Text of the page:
The Role of Teachers in Bullying Prevention

20 June, 2020
Bullying is a problem that occurs in schools around the world. Therefore, teachers must adopt preventive measures against bullying. In this article, learn all about bullying prevention.

Currently, teachers have certain roles that weren’t among their professional skills a few years ago. One of them is bullying prevention.

In the current school model, great importance is given to social education and the eradication of violent and antisocial behaviors. Thus, its goal is to make children develop based on a correct civic profile.

Why is bullying a social problem?

Bullying is a great educational and social problem, since bullying affects children’s psychosocial development, which can be decisive in their adult lives. Thus, a student who’s been the victim of bullying is prone to developing emotional and psychological disorders in adulthood.

On the other hand, a bully is likely to become a future abuser (with their partner, with their children, etc.) or a criminal.

Teachers and Bullying Prevention

Likewise, witnesses can become passive adults in the face of injustices, showing themselves indifferent to them. In fact, they can even become desensitized to other people’s suffering. For all these reasons, bullying prevention is important.

Teachers and bullying prevention

Thanks to preventive school measures, bullying can be reduced. Therefore, the role of teachers in bullying prevention is important.

In this sense, one of the key factors that must be addressed to achieve this goal is the quality of coexistence. Thus, it’s very important for teachers to carry out positive interpersonal management activities, which foster the building of good relationships among students.

In addition, teachers must carry out activities that improve the quality of the educational bond between teachers and students through participatory and cooperative procedures. Role-playing games, plays, and guided role-playing debates, among other activities, can prove helpful in this regard.

This way, schools foster:

  • Empathy. Learning to put yourself in another person’s shoes, understanding the damage you can cause and its consequences.
  • Raising awareness about the problem of bullying. Raising awareness of the seriousness of bullying so they repudiate and condemn such actions.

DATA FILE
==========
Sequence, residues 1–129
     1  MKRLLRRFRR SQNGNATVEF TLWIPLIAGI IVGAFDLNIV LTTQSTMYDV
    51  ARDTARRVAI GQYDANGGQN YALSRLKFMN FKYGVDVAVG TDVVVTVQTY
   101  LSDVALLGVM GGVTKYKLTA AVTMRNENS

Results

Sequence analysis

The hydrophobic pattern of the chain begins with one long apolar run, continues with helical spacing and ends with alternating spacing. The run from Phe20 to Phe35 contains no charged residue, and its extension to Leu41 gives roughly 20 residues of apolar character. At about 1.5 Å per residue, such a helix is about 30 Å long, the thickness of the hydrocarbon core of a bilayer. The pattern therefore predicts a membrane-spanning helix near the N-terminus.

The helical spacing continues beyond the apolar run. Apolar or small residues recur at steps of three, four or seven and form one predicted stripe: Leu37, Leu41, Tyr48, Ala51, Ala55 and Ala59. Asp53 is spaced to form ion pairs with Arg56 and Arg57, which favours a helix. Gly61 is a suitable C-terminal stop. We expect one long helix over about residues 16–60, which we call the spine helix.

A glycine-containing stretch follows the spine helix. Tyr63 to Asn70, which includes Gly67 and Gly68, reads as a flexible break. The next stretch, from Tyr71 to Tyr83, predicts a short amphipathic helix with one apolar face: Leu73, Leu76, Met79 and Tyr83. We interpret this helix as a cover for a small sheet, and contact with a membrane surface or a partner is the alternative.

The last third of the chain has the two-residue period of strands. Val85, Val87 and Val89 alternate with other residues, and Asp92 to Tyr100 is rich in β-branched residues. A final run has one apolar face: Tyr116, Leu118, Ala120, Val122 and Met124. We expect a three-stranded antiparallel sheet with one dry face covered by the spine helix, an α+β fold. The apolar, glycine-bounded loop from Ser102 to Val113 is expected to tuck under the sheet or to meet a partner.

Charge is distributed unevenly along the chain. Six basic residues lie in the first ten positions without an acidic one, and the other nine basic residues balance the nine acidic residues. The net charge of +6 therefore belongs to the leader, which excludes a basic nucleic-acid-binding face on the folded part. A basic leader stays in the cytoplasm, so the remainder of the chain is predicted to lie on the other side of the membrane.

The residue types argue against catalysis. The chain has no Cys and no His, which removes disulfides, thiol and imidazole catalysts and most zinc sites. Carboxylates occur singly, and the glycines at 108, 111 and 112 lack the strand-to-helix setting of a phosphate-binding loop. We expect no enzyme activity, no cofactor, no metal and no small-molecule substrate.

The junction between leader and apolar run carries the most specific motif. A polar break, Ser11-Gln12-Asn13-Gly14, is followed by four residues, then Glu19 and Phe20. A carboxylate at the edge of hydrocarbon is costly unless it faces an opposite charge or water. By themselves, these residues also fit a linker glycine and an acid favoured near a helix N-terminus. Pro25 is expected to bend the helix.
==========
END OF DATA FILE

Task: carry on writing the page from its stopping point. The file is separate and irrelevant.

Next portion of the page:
• Students’ awareness and respect for people’s diversity.
  • Knowledge of alternatives to violence to resolve existing conflicts, such as negotiation and mediation.

On the other hand, teachers have to be in charge of identifying possible aggressors and victims through observation and keeping conduct records.

Socio-emotional competencies in the face of bullying prevention

In addition, for bullying prevention, it’s positive to instill a series of socio-emotional competencies in schools, which are defined as:

“A set of knowledge, capacities, abilities, and attitudes necessary to understand, express, and properly regulate emotional phenomena.”

– Bisquerra and Pérez –

Teachers and Bullying Prevention

These social and emotional skills can be grouped into five categories:

  • Emotional conscience.
  • Competencies for life and wellness.
  • Emotional autonomy.
  • Social competence.
  • Emotional regulation.

All of them are essential to offer a complete education in the current educational system. Thus, according to Bisquerra and Pérez, the following develop:

  • Self-awareness and self-management capabilities.
    • Firstly, identifying and regulating your own emotions and behaviors.
    • Also, recognizing personal qualities and external supports.
    • Demonstrating skills related to achieving personal and academic goals.
  • Positive relationships through social awareness and interpersonal skills.
    • Recognizing other people’s feelings and perspectives and the similarities and differences between individuals and groups.
    • Secondly, using communication skills and social skills.
    • Finally, demonstrating the ability to constructively prevent, manage, and resolve interpersonal conflicts.
  • The ability to make decisions and be responsible.
    • Firstly, considering ethical, security, and social factors in the decision-making process.
    • Likewise, applying decision-making skills to responsibly address everyday academic and social situations.
    • Finally, contribute to the school and the community’s well-being.
  • Bisquerra, R. y Pérez, N. (2007). Las competencias emocionales. Educación XXI, 10, 61-82.
  • Díaz-Aguado, M. J. (2006). El acoso escolar y la prevención de la violencia desde la familia. Madrid: Dirección General de la Familia.
  • Mayorga, M. J. y Madrid, D. (2010). La escuela inclusiva ante el acoso escolar. Estrategias de prevención para el profesorado. Revista Educación Inclusiva3(3), 123.
  • Ortega-Ruiz, R., Del Rey, R. y Casas, J. A. (2013). La Convivencia Escolar: clave en la predicción del Bullying. Revista Iberoamericana de Evaluación Educativa6(2).
  • Ortega Ruiz, R. y Del Rey, R. D. (2001). Programas para la prevención de la violencia escolar en España: la respuesta de las comunidades autónomas. Revista Electronica Interuniversitaria de Formación del Profesorado (41), 133-145.